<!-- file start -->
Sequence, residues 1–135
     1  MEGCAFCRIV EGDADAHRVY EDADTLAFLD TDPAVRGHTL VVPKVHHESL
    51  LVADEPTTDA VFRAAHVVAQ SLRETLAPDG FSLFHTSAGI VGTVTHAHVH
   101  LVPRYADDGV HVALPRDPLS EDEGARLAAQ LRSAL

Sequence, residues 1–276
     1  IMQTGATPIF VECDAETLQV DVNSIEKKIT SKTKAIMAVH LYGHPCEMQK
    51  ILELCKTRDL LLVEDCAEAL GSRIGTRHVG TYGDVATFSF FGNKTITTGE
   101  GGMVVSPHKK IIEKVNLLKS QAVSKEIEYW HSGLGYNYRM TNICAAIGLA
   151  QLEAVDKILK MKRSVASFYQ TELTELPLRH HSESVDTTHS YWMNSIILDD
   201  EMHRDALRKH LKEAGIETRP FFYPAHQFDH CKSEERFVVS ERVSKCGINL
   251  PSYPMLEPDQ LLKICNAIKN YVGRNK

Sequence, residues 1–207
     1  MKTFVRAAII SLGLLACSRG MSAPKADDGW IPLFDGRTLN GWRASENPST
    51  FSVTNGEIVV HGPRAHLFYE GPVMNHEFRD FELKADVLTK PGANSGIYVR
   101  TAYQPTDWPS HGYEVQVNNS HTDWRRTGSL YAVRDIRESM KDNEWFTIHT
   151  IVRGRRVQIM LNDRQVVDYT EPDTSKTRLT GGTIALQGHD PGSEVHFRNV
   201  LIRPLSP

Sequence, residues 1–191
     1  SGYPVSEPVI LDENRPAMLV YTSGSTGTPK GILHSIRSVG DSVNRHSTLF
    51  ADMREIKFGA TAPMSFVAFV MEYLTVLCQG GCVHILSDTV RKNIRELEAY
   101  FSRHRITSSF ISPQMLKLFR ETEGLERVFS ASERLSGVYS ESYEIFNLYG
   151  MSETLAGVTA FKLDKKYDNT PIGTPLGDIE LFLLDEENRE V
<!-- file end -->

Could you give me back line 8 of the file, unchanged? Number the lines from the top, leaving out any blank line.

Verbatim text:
   101  GGMVVSPHKK IIEKVNLLKS QAVSKEIEYW HSGLGYNYRM TNICAAIGLA